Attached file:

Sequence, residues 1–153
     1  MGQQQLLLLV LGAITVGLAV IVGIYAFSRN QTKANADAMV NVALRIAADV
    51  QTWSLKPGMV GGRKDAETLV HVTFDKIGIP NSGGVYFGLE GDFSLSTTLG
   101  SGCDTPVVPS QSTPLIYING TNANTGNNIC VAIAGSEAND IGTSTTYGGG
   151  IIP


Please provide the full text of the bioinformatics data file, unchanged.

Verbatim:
Sequence, residues 1–153
     1  MGQQQLLLLV LGAITVGLAV IVGIYAFSRN QTKANADAMV NVALRIAADV
    51  QTWSLKPGMV GGRKDAETLV HVTFDKIGIP NSGGVYFGLE GDFSLSTTLG
   101  SGCDTPVVPS QSTPLIYING TNANTGNNIC VAIAGSEAND IGTSTTYGGG
   151  IIP